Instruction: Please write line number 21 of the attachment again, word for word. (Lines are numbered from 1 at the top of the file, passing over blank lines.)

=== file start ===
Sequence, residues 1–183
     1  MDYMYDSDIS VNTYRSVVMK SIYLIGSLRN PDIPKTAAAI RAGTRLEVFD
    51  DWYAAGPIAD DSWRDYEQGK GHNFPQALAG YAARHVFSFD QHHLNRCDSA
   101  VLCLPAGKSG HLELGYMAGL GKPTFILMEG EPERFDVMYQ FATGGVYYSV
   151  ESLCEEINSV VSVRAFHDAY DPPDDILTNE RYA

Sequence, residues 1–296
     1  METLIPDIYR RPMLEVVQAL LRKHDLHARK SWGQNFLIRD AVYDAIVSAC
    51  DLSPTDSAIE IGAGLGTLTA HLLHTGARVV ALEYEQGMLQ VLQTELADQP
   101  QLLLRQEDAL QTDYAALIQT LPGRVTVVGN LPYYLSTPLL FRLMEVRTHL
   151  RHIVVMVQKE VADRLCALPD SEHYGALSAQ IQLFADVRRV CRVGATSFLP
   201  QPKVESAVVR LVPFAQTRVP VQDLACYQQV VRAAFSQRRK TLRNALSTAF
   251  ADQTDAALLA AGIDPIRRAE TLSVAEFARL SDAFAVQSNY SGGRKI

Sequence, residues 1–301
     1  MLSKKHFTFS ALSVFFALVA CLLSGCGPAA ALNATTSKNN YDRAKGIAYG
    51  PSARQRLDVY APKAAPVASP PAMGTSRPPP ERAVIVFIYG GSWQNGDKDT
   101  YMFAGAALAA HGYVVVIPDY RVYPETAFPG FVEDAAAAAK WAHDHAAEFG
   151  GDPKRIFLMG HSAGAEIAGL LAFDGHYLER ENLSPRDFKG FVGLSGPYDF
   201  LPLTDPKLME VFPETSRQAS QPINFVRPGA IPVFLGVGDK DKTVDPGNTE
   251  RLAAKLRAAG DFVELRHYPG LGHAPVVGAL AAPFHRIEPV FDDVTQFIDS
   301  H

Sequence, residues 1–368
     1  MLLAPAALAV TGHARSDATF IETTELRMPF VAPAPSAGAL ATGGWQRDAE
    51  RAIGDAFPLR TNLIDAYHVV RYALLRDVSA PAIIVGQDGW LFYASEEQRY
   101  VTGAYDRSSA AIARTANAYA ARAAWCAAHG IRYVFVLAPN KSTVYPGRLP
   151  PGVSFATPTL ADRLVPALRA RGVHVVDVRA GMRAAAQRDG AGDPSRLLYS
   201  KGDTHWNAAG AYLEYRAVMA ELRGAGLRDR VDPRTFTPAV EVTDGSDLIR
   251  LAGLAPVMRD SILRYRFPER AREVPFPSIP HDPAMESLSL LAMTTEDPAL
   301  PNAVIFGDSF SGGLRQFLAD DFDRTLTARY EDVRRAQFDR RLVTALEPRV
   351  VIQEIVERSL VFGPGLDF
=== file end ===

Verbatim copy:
Sequence, residues 1–368